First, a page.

Obviously, there's no guarantee that all wars undertaken under those conditions will turn out well. There are always going to be considerations of prudence and efficacy specific to the particular case.
I think Matt (and Beinart) make the tragic - and all too common - mistake of assuming that American hegemony is defined by the mess the Bush administration has made of it over the past six years. It isn't. The United States has a long track record - stretching back to Teddy Roosevelt - that has shown it to be, with a few notable exceptions (Bush II and Nixon come to mind) "sufficiently virtuous" to "remake the world." A few examples:
Organizing the peace between Russia and Japan in 1905, preventing further major regional warfare.
Intervening in WWI to ease the bloodshed coming over Western Europe.
Initiating the Lend-Lease program in the early days of WWII, and helping destroy Germany despite the fact the only Japan actually attacked us.
Starting the UN and the Bretton Woods institutions, ensuring a harmonious economic order and creating an at least somewhat successful diplomatic forum.
Stopping British, French, and Israeli aggression in 1956.
Defusing the situation in Cuba in 1962 without resorting to invasion.
Negotiating the peace between Egypt and Israel in 1978.
Deposing - sans occupation - Noriega in Panama in 1989.
Protecting Kuwaiti sovereignty in 1991.
Re-instituting the legitimate government of Haiti in 1994.
Stopping the genocide in Bosnia in 1995.
Stopping the genocide in Kosovo in 1999.
Etc. etc. One can argue that some of these interventions were not motivated by altruism - though that case is next to impossible to make in relation to Bosnia/Kosovo, the Suez case, the European theater of WWII, and the Bretton Woods institutions. But the consequences for the world (which I, as a utilitarian, consider the only relevant variable) have been so overwhelmingly positive that it is just plain dishonest for Beinart/Yglesias to argue that the US (or, in Yglesias' formulation, any country) is incapable of using its hegemony wisely. We have, for the most part, and the world is significantly better for it. We shouldn't extrapolate from Iraq that hegemony is evil any more than we should extrapolate from 1939 that appeasement never works; each case is the exception, not the rule.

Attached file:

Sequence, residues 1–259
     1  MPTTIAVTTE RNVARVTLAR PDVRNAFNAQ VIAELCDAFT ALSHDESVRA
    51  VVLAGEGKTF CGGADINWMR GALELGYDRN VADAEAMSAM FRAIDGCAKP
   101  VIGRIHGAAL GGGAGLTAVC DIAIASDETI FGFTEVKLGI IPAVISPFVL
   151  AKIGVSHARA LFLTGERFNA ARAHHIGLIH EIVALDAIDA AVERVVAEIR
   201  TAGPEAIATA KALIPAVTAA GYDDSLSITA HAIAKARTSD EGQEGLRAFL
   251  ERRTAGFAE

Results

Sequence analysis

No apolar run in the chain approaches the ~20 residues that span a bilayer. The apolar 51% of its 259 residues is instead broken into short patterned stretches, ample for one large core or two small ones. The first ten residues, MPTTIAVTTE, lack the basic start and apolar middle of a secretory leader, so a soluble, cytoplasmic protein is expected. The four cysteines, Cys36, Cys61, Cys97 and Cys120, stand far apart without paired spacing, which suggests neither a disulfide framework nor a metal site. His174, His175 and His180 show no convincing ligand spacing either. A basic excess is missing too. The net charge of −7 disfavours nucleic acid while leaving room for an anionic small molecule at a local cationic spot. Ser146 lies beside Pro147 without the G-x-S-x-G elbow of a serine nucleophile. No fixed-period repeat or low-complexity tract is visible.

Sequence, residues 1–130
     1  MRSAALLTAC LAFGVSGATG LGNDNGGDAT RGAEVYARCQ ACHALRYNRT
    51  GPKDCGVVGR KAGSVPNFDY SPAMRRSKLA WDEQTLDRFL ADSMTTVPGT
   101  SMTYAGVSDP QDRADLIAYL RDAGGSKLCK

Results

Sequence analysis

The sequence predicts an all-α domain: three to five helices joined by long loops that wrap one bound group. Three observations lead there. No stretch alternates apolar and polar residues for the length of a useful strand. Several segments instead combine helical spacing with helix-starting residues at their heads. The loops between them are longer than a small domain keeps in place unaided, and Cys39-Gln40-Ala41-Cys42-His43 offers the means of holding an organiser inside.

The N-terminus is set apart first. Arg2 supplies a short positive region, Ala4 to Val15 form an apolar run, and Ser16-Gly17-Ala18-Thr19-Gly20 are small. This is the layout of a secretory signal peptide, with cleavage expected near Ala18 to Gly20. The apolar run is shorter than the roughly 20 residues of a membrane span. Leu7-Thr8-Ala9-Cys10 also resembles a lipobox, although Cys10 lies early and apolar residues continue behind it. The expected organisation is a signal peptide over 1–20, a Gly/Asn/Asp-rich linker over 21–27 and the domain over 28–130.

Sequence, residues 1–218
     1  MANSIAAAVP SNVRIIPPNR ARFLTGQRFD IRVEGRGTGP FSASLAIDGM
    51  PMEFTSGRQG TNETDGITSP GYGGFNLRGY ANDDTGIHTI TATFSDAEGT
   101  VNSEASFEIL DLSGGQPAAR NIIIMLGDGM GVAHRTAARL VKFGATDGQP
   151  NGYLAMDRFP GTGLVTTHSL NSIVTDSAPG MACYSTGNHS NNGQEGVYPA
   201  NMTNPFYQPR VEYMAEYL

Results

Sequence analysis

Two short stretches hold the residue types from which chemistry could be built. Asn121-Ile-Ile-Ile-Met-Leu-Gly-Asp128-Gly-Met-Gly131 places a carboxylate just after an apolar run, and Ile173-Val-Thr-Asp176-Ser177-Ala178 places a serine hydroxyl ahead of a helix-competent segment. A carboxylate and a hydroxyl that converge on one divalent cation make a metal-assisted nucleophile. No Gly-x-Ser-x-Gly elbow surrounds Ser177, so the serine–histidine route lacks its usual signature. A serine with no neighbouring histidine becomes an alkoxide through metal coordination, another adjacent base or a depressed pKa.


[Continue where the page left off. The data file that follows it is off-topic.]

And maybe I'm just an unrepentant Benthamite, but Matt's restrictions on the use of force are far too complicated. I say, if the use of force does more good than harm, go for it. Good includes national economic gain, preservation of human life, an increase of national security, the spread of democracy, etc. Harm includes bloodshed, economic damage, loss of international reputation, dictatorship, etc. A possible intervention into Sudan is justified not by any intrinsic qualities it possess; it just would save more people than it would kill. Similarly, the invasion of Iraq was not justified because more people died than would have otherwise, our international reputation was damaged significantly, we've wasted one trillion dollars, etc. So a harmful war could be started with UN approval, and a beneficial war could be conducted without it (see Kosovo).
Not exactly news, but this is rather spectacular in its stupidity:
Step Two: Encourage developing nations to raise their labor standards as their economies grow. The easiest way to do this is to require that they set a minimum wage that's half their median wage. With this "minimum half median" standard in place, more of their people will share the gains from trade.
Median income of the US: $46,326.
What the minimum wage should be (at least) under Reich's "minimum half median" formula (assuming 2,000 hours of work per year): $11.58.
Actual minimum wage of the US, if, as is likely, the Democratic proposal for an increase is agreed to: $7.25.
Watching Robert Reich inadvertently argue that other states should not trade with the United States: priceless.
Hat tip: Greg Mankiw.